norfolk terrier breed information

common health issues

Hip dysplasia is an inherited condition in which the ball and socket of the hip joint do not fit well together, resulting in a hip with increased laxity. This laxity can lead to degenerative changes and depending on the severity, may require surgical correction.
Glaucoma is characterized by an elevation of pressure inside the eye. High pressure in the eye causes extreme discomfort and may lead to an enlarged, bulging eye and result in blindness. Treatment for glaucoma consists of life-long medical therapy, and often requires surgical removal of the affected eye. Long term prognosis for vision in the affected eye is poor.
In Mitral Valve Disease, a defect in the mitral valve causes an insufficient seal in the heart. The leaky valve allows the blood to back flow into the heart rather than flow out to the body, in turn causing the heart to work harder. Over time, mitral valve disease can lead to congestive heart failure.
A luxating patella is a knee cap that moves out of its groove � sometimes referred to as a "trick knee". It is usually caused by several inherited factors including a shallow patella groove. In individuals with moderate or severe disease, surgical correction in often recommended to prevent a progression that includes severe lameness, chronic pain and thickening of the knee.
Cataracts describes the transparency of the lens in the eye.While cataracts are a common finding in older dogs, many breeds, including Cavaliers, have a genetic predisposition to juvenile cataracts, i.e., occurring in young animals. Hereditary cataracts can occur as early as six months of age and progress to complete loss of vision by two years old. The good news is that most affected lenses can be treated surgically. Cost of treatment: $1,500 to $3,000 per lens.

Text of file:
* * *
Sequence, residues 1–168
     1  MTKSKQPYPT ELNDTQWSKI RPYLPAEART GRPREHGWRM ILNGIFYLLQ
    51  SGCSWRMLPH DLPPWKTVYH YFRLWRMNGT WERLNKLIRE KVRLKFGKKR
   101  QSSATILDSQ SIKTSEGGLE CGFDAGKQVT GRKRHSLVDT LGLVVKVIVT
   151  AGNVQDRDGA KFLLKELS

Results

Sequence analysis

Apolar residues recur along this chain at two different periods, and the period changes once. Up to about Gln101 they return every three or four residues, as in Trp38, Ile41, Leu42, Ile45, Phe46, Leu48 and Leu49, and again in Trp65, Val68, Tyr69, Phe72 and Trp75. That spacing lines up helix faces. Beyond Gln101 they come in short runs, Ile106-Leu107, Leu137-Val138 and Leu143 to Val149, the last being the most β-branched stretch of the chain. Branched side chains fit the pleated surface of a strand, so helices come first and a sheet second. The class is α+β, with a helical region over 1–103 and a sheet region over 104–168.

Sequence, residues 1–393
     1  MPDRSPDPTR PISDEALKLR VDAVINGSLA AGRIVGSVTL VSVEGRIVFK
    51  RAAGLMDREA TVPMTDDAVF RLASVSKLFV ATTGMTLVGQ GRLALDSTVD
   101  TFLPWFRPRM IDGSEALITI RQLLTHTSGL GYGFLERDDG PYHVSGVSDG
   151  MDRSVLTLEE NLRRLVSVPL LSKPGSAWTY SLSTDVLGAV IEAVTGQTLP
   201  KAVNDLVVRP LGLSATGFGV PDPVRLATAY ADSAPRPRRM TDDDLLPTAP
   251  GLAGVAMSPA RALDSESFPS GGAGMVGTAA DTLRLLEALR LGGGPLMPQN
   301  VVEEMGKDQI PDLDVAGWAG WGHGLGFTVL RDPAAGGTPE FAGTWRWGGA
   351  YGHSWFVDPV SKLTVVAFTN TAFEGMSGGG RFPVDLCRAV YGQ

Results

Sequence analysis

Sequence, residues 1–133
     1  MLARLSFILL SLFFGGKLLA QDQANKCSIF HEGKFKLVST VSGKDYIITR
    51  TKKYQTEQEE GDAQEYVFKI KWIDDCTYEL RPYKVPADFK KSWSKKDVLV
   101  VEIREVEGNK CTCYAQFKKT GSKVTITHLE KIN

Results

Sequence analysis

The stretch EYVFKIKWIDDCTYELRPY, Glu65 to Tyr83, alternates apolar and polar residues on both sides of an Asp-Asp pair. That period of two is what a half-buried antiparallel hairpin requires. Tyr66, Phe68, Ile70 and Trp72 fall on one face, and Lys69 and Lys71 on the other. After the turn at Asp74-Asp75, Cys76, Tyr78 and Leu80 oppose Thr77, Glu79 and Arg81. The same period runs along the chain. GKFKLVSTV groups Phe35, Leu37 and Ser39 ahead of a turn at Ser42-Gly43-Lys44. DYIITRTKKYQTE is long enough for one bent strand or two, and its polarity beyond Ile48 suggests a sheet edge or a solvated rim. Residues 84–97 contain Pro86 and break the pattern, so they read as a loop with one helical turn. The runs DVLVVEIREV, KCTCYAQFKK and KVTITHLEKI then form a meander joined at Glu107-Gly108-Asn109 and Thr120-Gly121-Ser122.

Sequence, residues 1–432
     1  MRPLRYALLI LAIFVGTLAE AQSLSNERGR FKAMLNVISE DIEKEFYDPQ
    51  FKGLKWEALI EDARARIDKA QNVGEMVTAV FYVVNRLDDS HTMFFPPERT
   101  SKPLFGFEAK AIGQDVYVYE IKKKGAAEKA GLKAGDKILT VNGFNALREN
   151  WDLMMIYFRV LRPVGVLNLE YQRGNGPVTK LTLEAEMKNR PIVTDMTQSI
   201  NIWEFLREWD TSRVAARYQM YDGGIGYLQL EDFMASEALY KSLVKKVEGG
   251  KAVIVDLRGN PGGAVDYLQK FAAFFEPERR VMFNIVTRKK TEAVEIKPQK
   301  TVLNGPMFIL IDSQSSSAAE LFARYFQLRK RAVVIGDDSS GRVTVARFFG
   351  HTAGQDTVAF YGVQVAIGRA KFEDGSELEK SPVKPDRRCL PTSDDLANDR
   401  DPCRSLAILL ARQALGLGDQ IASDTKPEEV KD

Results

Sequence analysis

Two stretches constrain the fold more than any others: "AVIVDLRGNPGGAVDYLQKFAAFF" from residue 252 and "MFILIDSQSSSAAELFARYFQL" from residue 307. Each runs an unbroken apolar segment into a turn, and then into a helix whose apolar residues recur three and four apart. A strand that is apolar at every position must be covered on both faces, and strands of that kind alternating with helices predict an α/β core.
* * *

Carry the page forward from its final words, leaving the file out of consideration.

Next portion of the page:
At around 10 inches tall, the Norfolk Terrier is the smallest of the working terriers and was developed from the Norwich Terrier. The Norfolk Terrier sports “drop ears”, while it’s forefathers are known as “prick-eared”. They were bred as barn dogs and excelled at keeping their owners’ properties free of rats and other vermin.

Today, Norfolk Terriers are mostly bred to be companion animals here in the United States, and they thrive with human contact. They are best suited to a mostly indoor life, and enjoy the company of children as well. Norfolk Terriers, like other terriers, are fearless and spirited, so obedience training is important. Truly a happy dog, they seem to permanently have a smile on their fuzzy faces.

Daily exercise (both mental and physical) is important, but Norfolk terriers are generally easy keepers, as grooming is needed only occasionally.

But despite their sunny dispositions, Norfolk Terriers are also known for being predisposed to hereditary and congenital conditions that can adversely affect their health – as well as your family’s finances. Some of the conditions and illnesses Norfolk Terriers are prone to include eye conditions such as cataracts and glaucoma; heart conditions like mitral valve disease; and joint conditions such as medial patellar luxation and hip dysplasia.

Thankfully, Petplan pet insurance covers all hereditary and chronic conditions as standard. Which means if your Norfolk Terrier inherits his dad’s weak heart or his mom’s bad hips, your pocketbook will be protected.

Use the condition checker tool to learn what common conditions your pet may have.

claim calculator

  • your share of the cost: $450
  • Petplan's reimbursement to you: $1,550
  • coverage remaining in policy period: Unlimited
    (full policy limits are reinstated upon renewal)